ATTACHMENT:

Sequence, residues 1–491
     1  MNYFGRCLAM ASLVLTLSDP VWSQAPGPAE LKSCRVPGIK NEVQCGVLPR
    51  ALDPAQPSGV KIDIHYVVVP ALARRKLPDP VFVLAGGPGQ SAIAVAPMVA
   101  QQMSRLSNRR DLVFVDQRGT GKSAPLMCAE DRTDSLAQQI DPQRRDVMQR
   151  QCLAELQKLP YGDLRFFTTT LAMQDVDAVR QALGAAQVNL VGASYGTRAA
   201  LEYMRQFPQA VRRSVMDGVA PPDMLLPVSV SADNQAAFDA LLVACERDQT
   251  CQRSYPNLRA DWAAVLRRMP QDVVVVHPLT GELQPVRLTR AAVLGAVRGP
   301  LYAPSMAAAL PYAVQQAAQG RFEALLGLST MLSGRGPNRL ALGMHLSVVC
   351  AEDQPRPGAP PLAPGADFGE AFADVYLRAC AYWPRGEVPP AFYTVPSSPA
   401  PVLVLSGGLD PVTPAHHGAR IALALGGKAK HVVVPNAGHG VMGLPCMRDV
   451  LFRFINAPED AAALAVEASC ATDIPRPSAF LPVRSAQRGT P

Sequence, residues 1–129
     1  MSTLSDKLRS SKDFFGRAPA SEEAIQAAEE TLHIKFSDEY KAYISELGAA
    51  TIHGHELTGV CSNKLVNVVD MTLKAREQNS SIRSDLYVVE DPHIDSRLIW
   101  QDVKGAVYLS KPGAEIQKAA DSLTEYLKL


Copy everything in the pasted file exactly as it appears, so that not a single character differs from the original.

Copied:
Sequence, residues 1–491
     1  MNYFGRCLAM ASLVLTLSDP VWSQAPGPAE LKSCRVPGIK NEVQCGVLPR
    51  ALDPAQPSGV KIDIHYVVVP ALARRKLPDP VFVLAGGPGQ SAIAVAPMVA
   101  QQMSRLSNRR DLVFVDQRGT GKSAPLMCAE DRTDSLAQQI DPQRRDVMQR
   151  QCLAELQKLP YGDLRFFTTT LAMQDVDAVR QALGAAQVNL VGASYGTRAA
   201  LEYMRQFPQA VRRSVMDGVA PPDMLLPVSV SADNQAAFDA LLVACERDQT
   251  CQRSYPNLRA DWAAVLRRMP QDVVVVHPLT GELQPVRLTR AAVLGAVRGP
   301  LYAPSMAAAL PYAVQQAAQG RFEALLGLST MLSGRGPNRL ALGMHLSVVC
   351  AEDQPRPGAP PLAPGADFGE AFADVYLRAC AYWPRGEVPP AFYTVPSSPA
   401  PVLVLSGGLD PVTPAHHGAR IALALGGKAK HVVVPNAGHG VMGLPCMRDV
   451  LFRFINAPED AAALAVEASC ATDIPRPSAF LPVRSAQRGT P

Sequence, residues 1–129
     1  MSTLSDKLRS SKDFFGRAPA SEEAIQAAEE TLHIKFSDEY KAYISELGAA
    51  TIHGHELTGV CSNKLVNVVD MTLKAREQNS SIRSDLYVVE DPHIDSRLIW
   101  QDVKGAVYLS KPGAEIQKAA DSLTEYLKL